Tons of recent international exhibitions and events claim to unpack our collective anxieties, particularly around technology and our future in it. Berlin, home to myriad digital artists, hacktivists and dissidents, is no stranger to that trend. In particular, the Haus der Kulturen der Welt has become a hub of perpetual discussion on the topic – most recently via its 100 Years of Now programme and as host to Transmediale. In just a couple months the Berlin Biennale won’t fall far from the tree. It’s no wonder art enthusiasts are getting a bit jaded by the too-relevant yet increasingly played-out topic.
But HKW’s newest, Nervous Systems, is a thoughtfully curated, informative, and experimental reminder that we’ve only just begun scratching the surface. Thank co-curators Stephanie Hankey and Marek Tuszynski of Berlin’s Tactical Technology collective, who’ve been dealing in matters of surveillance and transparency. Together with HKW’s Anselm Franke, they’ve put together a fascinating new group exhibition on the socio-political history of big data and its dizzying implications.
At the top of the staircase, the sight of dozens of screens and a maze of panels of text and images will have you feeling overwhelmingly lost. Steel tubes that stretch to the high ceilings break up your view, while red neon lights emit a dull warning. To your right, a strange room with unfinished exterior walls stands out in a dark corner. To your left is a space shrouded in screen-like brightness that might be an Apple store showroom.
As you enter you’ll discover On Kawara’s “I am Still Alive” (1995), one of hundreds of telegrams that the Japanese conceptual artist sent starting in 1969, which pairs well with Vito Acconci’s “Theme Song” (1973) where the artist is lying on the floor and talking directly into the camera, seducing his viewers. Both are brilliant early examples of intimacy being transformed into data and delivered through the mediation of technology. Both encapsulate apprehensions, prior to their exponential snowballing we know 40 years on.
Interspersed throughout are 10 sleekly designed grey pyramids called “Triangulations”, curated by thinkers and theorists with texts and examples of how data is employed, referencing everyone from Borges to Baudrillard. Though dense, they are each fascinating essay-like testimonies to the loss of freedom that has come with governments and businesses “knowing” so much.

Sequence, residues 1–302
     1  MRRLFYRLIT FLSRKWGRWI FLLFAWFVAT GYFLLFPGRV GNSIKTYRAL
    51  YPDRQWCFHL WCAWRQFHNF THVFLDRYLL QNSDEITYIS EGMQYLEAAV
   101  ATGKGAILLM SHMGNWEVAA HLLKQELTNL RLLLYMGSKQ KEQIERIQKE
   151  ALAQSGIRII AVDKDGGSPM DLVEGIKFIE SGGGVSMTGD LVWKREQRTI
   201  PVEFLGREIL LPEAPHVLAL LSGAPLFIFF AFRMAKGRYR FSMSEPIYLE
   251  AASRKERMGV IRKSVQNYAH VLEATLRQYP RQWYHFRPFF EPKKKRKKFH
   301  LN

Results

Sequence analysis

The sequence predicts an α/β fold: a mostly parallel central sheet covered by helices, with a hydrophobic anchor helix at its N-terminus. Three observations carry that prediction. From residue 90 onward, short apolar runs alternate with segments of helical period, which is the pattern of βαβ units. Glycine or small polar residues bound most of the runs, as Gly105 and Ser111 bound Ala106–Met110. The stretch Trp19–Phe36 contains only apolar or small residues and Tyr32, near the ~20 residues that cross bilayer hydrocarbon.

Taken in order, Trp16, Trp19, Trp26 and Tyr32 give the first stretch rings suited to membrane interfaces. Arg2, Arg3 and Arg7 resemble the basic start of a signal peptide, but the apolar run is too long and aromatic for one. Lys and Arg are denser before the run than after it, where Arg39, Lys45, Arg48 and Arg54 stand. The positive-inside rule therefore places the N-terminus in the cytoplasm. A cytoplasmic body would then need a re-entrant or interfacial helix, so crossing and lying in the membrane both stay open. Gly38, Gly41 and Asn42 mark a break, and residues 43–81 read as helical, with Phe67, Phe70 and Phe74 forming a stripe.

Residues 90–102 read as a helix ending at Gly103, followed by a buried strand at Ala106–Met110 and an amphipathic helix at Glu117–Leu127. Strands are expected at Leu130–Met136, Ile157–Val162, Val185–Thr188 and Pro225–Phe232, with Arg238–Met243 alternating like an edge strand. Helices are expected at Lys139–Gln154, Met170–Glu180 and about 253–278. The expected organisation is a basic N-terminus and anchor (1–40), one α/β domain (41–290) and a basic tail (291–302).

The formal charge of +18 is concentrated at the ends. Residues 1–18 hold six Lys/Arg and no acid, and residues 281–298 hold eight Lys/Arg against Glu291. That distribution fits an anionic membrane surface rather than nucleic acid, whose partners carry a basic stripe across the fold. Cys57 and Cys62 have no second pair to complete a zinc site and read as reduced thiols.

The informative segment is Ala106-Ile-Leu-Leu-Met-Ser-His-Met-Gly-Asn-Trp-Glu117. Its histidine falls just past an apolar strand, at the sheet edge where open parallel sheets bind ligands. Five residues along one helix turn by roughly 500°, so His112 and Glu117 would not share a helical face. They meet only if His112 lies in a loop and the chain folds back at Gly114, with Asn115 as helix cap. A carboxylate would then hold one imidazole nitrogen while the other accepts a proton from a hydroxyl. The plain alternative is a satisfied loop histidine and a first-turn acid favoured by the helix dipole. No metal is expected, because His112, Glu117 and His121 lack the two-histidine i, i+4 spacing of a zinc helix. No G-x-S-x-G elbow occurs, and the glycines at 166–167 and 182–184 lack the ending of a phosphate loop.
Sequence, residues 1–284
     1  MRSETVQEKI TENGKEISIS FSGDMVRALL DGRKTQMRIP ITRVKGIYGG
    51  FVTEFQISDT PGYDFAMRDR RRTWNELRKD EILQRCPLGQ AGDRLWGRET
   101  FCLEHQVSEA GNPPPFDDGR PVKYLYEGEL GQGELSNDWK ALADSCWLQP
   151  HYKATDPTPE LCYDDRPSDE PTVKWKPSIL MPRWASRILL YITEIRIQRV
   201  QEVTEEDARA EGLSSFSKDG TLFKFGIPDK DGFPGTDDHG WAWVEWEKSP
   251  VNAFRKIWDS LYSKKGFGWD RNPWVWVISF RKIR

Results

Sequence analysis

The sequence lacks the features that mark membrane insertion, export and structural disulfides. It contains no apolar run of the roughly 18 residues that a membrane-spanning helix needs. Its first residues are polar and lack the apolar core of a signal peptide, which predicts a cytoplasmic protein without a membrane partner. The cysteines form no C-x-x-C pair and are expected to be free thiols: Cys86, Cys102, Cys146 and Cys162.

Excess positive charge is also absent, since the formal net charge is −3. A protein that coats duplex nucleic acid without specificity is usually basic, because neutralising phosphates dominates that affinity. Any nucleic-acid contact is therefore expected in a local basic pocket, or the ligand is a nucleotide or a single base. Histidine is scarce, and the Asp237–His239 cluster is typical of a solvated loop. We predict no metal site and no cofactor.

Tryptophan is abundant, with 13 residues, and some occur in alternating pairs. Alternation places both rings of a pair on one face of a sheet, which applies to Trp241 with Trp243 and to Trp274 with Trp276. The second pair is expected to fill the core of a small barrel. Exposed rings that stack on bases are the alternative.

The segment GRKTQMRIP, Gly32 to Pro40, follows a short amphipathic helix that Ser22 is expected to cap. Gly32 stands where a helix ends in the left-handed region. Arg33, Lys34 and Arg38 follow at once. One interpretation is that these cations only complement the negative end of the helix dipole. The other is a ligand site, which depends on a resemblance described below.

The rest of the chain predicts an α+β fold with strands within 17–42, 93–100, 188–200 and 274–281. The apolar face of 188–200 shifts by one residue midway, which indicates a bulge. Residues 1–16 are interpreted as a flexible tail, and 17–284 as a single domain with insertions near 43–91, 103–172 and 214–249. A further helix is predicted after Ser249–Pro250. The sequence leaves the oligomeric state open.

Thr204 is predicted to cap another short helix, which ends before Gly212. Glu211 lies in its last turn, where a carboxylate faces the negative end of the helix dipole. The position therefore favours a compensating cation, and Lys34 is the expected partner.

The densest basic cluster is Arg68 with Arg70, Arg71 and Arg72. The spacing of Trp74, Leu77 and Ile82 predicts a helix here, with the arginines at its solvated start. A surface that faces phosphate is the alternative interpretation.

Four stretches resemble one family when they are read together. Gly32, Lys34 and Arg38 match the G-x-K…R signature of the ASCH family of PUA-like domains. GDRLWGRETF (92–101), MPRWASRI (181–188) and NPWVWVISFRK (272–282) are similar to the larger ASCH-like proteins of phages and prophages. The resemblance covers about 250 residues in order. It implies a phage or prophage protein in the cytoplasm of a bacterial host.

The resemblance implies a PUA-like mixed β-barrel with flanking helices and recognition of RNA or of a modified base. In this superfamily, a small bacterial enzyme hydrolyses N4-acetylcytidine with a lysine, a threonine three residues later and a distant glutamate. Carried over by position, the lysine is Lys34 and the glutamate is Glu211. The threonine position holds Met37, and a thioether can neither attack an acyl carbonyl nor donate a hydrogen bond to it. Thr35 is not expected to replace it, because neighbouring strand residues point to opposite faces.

From there you can see through the windows into the room to the right. !Mediengruppe Bitnik’s “Delivery for Mr. Assange – Assange’s Room” (2014; photo) is a replica from memory of the office in the Ecuadorian Embassy in London where Assange has been cooped up since 2012 to avoid extradition, made following the collective’s many visits. Everything’s there – bottles of booze, a Guy Fawkes mask and a treadmill – except for Assange himself. The installation is the most poignant IRL example here of how data is a tool and a weapon for both governments and those that question them.
In contrast is the alluring “White Room” on the opposite side, with its brilliant white lighting and familiar commercial sheen. Installed by Tactical Tech, it consists in part of a bar where you’ll meet “Ingeniuses” Saturdays through Mondays from 12-6pm, who will guide you through a special selection of apps that help you scrub your data from the coffers of the tech industry. The informational yet transgressive performance is dressed up as the corporate enemy, like a sheep in wolves’ clothing. The room also hosts afternoon workshops on everything from Facebook privacy to “de-Googlizing your life”; see the schedule here.
Of all the contemporary artworks on view, the most impacting is Melanie Gilligan’s “The Common Sense” (2014), a scattered multi-screen video piece that immerses you in a not-too-distant dystopian future. Here, everyone has a device installed into the roofs of their mouths called “The Patch,” which offers everything from working hours while sleeping, to auto-sharing emotions with others, to entertainment in utero. The disarmingly familiar narrative shifts to ask: what would happen if one day we decided we’d had enough? What would a revolution look like in a fully commodified world where we are no longer able to share thoughts with others naturally?
Co-curators Franke, Hankey and Tuszynski don’t hesitate to provide big answers to big questions. But they also don’t shy away from ambiguity, leaving us with the ultimate question: what do we do when we leave the room, with the burden of what we know? A last video by Miljohn Ruperto titled “Janus” (2014) takes from ancient Roman lore to caution us of our tenuous relationship with the past and the future. An animated bust references the famous rabbit-duck illusion, but its neck is wounded, and its bloodshot eyes, which look both back and forward at the same time, squint in pain.
NERVOUS SYSTEMS Through May 9 | Haus der Kulturen der Welt, John-Foster-Dulles-Allee 10, Tiergarten, U-Bhf Bundestag, Wed-Mon 11-19